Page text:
Analysis on the educational needs of sports administrators
Findings and key takeaways
The main objective of the project “DEVELOPING SPORT ADMINISTRATION COMPETENCES (ADMINS)” addresses the need of fostering the job-related skills and competences of sports administration employees, who in turn strengthen the capacities of sports organisations and contribute to better governance in sports. Having recognized the importance of sport regarding the physical and psychological well-being of an individual, European Union has started incorporating sport into EU policies and initiatives. The European Commission’s Communication “Developing the European Dimension in Sport”, published in January 2011, proposed concrete actions related to societal role of sport which covers issues that directly affect the citizens, the economic dimension of sport, and the organisation of sport, which covers the aspects dealing with the political and legal framework for the sport sector.
As it was mentioned in the Principles of good governance in sport, it is of great importance to attract new generations of administrators, as well as technology and IT. Like many other professions today, administrative employees of sport organisations are not only “administrators”, because their job position requires a wide range of knowledge and competences.
To ensure a real European dimension, project “Developing Sport Administration Competences (ADMINS) has confirmed a strategic partnership with one sport confederation, one sport association, two academic institutions and two NGO’s with rich experience in sport projects. The organisations co-developed an in-depth needs analysis aimed at intercepting via the consultation of both primary and secondary sources:
- The typical profile of sport administrators, including a detailed description of their characteristics and needs to prevent the potential research shortcomings
- Educational needs of sport administrators using a questionnaire in English;
The data profiling was instrumental to identify the training needs and eventual skills lag later covered and addressed by the ADMINS training curricula for capacity building of (aspiring) sport administrators and freely available on the official website and open education resource platform of the project. Findings from the aforementioned analysis corroborates the fact that the complexity of sports organisations requires increasingly professional and entrepreneurial management. In response to the evident needs of sports organizations, the number of systematically designed training and education programs for sport administrators is rising across Europe.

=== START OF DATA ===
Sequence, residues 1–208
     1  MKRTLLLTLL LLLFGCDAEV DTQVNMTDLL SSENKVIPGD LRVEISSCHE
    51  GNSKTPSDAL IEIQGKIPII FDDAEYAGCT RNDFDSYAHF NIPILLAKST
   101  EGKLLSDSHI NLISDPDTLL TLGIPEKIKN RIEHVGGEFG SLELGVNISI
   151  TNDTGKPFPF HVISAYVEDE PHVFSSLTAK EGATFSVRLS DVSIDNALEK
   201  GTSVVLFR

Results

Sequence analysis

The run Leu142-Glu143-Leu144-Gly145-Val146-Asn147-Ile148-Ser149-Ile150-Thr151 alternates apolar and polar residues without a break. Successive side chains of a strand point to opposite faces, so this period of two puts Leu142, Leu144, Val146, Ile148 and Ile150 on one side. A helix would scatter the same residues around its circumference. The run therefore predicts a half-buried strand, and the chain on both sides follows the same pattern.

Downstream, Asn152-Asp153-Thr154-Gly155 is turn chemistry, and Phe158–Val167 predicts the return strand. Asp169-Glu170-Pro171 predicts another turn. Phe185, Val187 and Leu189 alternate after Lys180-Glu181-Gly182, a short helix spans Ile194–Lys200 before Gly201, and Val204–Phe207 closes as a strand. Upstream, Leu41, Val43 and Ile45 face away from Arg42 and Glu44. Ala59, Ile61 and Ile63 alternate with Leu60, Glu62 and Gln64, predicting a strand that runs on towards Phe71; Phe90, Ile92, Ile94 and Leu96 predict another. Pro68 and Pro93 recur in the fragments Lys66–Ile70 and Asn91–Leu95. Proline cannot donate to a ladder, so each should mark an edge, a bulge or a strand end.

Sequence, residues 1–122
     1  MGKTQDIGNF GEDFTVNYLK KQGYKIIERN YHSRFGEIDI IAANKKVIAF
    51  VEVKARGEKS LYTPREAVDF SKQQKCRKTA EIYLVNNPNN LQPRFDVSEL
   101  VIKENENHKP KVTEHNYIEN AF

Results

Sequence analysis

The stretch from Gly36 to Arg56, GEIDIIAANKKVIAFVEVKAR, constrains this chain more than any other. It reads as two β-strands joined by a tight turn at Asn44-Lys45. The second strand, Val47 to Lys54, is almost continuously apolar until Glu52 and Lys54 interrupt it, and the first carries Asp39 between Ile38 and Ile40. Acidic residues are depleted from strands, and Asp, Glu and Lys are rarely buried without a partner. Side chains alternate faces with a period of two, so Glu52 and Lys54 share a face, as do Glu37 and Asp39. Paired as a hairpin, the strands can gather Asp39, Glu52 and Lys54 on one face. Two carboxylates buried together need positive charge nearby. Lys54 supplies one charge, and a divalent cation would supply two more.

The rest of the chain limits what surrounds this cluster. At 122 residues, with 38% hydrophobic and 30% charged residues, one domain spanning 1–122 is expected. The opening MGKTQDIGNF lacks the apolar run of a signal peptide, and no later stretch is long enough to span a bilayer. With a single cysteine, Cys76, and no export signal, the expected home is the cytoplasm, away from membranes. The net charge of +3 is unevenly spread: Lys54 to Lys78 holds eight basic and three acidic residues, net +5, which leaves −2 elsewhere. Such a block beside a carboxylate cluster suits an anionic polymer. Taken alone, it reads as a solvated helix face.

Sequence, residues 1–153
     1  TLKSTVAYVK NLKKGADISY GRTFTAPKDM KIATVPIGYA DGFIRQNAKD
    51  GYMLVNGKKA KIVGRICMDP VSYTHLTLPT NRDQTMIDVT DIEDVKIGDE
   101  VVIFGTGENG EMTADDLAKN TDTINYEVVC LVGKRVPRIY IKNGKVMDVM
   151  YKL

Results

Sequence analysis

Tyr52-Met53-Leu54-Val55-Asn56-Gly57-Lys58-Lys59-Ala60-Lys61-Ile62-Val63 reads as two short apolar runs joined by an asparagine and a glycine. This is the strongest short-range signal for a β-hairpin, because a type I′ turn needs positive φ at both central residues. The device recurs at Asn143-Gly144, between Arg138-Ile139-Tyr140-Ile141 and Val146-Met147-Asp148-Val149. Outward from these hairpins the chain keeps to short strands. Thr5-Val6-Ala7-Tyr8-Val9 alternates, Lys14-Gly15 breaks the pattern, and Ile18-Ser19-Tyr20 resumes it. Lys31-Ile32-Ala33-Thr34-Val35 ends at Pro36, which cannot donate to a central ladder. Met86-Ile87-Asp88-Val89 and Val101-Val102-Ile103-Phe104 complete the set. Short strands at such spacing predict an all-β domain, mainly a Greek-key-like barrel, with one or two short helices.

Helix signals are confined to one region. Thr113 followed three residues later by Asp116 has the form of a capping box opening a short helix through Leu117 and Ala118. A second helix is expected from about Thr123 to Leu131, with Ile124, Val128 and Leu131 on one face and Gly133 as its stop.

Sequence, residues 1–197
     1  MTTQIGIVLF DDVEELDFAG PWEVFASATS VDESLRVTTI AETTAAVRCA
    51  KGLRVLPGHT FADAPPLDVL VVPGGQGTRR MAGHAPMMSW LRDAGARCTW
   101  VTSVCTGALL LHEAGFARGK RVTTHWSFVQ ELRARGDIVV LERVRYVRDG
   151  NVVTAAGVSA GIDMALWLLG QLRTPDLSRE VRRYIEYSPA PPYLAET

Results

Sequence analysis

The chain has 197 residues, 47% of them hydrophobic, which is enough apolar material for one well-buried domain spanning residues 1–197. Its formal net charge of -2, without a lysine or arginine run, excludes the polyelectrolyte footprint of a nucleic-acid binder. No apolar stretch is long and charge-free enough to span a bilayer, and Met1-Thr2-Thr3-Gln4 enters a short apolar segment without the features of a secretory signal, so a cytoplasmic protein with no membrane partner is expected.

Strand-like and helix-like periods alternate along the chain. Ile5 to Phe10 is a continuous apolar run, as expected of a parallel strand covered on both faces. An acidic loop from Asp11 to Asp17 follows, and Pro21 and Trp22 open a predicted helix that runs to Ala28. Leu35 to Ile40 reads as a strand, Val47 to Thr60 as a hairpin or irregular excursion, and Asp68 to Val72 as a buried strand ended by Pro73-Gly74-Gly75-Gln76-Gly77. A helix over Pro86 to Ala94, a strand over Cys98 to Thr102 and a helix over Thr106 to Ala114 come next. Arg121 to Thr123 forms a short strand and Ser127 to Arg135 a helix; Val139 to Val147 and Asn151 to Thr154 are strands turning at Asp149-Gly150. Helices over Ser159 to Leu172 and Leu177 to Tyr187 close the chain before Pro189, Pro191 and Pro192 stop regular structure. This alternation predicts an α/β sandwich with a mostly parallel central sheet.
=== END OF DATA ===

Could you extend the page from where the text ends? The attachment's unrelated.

However, some of the training courses and education programs organized for Sports Administrators seem to reinforce once again the figure of the Manager destined to a world of profit and gain. In reality, in an environment full of emotions such as sport, economic values, although significant and essential, must be able to coexist and highlight the primary values of sport, a social phenomenon and integration between people of different ethnic, gender, ability and religious backgrounds
Furthermore, it should be noted that human resources development is a long-lasting process and the results are not always short term and cannot be easily measured. Sport Administrators must adapt to the great changes that sports management has undergone that goes from focusing on the public administration, to the rise of the private sector and be aware that the level of professionalism, knowledge and skills among sports managers in the public and private sectors must be similar, although the public ones has much less room for innovation and development.
Therefore, it is necessary to change the mentality about the competences that must be developed by Sport Administrators, supporting a multidisciplinary approach, and reducing the importance of the classic management competences, to promote analysis and technological development skills for sports planning and management. Sports managers must consider Program (youth or adults) planning, computer application and utilisation, research interpretation, and statistics essential curriculum areas in the professional development.
Another aspect that emerged in this study is the acknowledgement of the professionalization trend driving much of the development in Sports in European countries. This trend focuses on increasing the number of staff with formal degrees in sport administration positions. The downside of such route is cost and time to obtain formal degrees. Paradoxically, this is in fact a comparatively expensive solution due to the simple fact that individuals with formal degrees tend to expect formal employments and salaries. Hence, even if the governments cover the costs of a degree like in many EU countries where higher education is tax funded, employing a trained sport administrator is too expensive for many sport organizations. Financing the costs of such employment probably would require an increase in membership fees and demand more volunteer work from the membership in efforts to recruit more sponsors.
In view of that, the main objective of the project “DEVELOPING SPORT ADMINISTRATION COMPETENCES (ADMINS)” is to address the content areas, skills and competences of sports administration employees that have not been considered as much in the past and can strengthen the capacities of sports organisations and contribute to better governance in sports. Such content areas, skills and competences are more analytical or internally rooted, for instance, problem analysis, critical thinking, decision making, innovation, professional expertise, cross-cultural agility, teamwork and team building, customer focus, inspiring others, business acumen, drive for results, learning agility/development, interpersonal skills, and strategic thinking.